I’m so enjoying this, but I’m having a bit of trouble finding something to say about this portion of the book besides oh the turmoil! oh the detail! oh the humanity!…and I think I’ve already said that a few times. So consider all that said, again, and I’ll just jump into a quick plot summary.
The third book introduces a new major character: Marius Pontmercy. Marius is young, poor, handsome and idealistic. And maybe just a leeeetle bit impractical. Marius’s father was a soldier at Waterloo, but owing to financial concerns Marius has been raised by his royalist grandfather. Book 3 goes into a great deal of detail (odd for Hugo, right?) (literary sarcasm—my specialty) about the aging and sequestered group of those who remember the throne with affection. These characters are definitely not portrayed with much sympathy—like Hugo’s detailed account of the cloister, the royalists are presented as inexplicably out-of-touch relics.
Marius finds out about his father, begins reading about the ideals of the revolution, sees the frivolity of his grandfather’s life and becomes an ardent revolutionary. He leaves the comfort of his grandfather’s home and becomes one of the honorable poor (very honorable, very poor) to live by his now-deceased father’s precepts.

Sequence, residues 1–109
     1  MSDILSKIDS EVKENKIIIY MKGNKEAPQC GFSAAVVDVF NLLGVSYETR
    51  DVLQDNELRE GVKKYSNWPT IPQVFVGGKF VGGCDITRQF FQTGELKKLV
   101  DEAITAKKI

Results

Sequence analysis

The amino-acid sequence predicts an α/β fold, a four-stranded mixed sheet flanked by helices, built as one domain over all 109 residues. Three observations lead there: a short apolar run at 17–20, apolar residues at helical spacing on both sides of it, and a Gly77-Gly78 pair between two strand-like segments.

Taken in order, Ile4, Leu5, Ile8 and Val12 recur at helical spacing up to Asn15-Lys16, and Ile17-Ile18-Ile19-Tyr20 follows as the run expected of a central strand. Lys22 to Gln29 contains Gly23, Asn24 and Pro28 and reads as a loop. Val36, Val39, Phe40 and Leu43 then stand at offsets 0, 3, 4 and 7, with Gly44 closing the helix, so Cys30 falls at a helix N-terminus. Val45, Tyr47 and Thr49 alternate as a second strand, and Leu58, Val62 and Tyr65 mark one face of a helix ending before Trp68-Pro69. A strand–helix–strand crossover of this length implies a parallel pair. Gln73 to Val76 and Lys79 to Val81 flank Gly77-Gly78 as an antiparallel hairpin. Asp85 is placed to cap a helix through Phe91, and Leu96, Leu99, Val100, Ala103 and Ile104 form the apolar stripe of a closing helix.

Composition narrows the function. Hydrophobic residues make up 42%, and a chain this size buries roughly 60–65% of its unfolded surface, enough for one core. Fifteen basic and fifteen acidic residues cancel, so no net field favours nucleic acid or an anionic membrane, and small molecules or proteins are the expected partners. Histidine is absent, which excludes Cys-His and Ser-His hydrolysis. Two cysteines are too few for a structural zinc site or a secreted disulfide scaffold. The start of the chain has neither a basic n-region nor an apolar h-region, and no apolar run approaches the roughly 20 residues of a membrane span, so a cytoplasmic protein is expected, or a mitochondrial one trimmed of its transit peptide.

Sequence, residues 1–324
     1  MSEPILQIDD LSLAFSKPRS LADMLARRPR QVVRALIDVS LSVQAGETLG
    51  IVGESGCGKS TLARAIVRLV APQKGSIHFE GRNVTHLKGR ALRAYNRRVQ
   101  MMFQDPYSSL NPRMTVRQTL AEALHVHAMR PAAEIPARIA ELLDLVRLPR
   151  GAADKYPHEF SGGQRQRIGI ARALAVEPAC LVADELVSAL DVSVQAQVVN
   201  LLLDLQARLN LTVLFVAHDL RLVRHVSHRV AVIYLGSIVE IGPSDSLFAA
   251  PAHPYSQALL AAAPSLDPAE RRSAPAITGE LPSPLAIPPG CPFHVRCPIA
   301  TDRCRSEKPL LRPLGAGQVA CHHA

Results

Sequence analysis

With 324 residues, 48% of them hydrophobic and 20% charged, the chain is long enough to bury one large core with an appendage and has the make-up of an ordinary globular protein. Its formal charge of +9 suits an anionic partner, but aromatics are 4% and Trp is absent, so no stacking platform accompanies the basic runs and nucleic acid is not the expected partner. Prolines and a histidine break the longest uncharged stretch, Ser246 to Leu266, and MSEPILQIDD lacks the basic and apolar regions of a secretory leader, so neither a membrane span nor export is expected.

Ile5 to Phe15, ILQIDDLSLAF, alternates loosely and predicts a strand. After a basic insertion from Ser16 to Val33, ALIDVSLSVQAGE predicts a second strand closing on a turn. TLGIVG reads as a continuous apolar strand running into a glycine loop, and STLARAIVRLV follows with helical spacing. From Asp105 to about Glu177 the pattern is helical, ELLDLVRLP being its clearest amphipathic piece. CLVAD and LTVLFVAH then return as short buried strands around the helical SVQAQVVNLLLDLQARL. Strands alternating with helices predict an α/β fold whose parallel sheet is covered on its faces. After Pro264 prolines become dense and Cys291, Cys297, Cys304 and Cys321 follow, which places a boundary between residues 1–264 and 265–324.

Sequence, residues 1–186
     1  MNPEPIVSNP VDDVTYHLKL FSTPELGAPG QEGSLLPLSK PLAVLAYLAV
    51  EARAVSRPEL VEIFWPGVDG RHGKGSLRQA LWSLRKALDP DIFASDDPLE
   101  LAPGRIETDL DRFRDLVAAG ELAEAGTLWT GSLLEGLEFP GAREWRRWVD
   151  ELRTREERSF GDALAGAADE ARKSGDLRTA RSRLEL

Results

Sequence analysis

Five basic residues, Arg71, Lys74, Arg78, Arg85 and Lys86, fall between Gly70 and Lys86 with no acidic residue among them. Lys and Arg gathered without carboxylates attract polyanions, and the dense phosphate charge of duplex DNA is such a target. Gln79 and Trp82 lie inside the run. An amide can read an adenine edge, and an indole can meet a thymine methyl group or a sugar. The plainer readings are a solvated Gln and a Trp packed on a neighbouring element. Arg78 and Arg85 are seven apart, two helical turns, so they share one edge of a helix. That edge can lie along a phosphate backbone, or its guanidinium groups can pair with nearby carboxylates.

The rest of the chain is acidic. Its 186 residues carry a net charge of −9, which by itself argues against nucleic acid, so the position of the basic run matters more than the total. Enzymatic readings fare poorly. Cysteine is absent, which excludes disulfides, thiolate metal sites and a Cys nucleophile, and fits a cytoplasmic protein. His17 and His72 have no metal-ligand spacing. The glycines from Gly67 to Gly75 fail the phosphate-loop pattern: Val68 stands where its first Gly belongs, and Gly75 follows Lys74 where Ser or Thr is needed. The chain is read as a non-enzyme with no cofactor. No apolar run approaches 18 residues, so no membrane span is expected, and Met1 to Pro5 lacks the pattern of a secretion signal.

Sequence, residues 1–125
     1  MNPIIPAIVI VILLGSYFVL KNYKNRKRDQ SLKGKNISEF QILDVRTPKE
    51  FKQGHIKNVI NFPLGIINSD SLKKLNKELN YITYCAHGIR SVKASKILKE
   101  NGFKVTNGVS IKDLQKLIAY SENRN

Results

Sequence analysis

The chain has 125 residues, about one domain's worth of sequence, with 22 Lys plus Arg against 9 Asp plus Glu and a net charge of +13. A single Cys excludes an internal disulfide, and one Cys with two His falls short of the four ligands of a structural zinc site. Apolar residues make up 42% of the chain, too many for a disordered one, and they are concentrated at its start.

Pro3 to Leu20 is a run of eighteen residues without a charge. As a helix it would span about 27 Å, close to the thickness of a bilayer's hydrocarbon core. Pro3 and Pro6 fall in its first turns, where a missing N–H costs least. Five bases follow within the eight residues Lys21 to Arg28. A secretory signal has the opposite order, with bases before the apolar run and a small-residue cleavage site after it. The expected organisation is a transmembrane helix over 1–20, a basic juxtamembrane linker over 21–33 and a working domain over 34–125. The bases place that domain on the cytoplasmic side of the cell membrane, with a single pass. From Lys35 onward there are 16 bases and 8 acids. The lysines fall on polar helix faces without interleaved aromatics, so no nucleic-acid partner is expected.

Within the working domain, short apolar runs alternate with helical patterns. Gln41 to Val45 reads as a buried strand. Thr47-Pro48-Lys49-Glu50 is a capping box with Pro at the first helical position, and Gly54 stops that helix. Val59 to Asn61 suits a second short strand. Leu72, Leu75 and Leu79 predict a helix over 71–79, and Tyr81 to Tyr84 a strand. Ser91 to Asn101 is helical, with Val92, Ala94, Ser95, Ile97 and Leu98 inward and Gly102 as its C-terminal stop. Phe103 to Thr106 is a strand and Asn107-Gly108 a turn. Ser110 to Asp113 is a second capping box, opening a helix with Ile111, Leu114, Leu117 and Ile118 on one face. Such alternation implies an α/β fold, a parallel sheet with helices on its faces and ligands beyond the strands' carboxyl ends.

Oh, and he loves Cosette. Truly, madly, deeply. After a glance. Mmmmhmm. Such a pretty young thang is she.
The lives of Marius, Jean Valjean, Cosette, Javert and the Thenardier clan continue to intertwine… guess who saved Marius’s father on the battlefield? And guess who moved into the apartment that Jean Valjean and Cosette abandoned? And guess who moved in next door? And guess who else is in love with Marius? And guess who chased them all? (Ok, that last one you probably got.) And while I’ve had a moment or so of really? it just happened to be the same address?!? , I think Hugo is doing this to show the cause and effect of actions. Everything is interconnected, everything causes ripples that affect other situations.
Holy mother, I’m loving this book.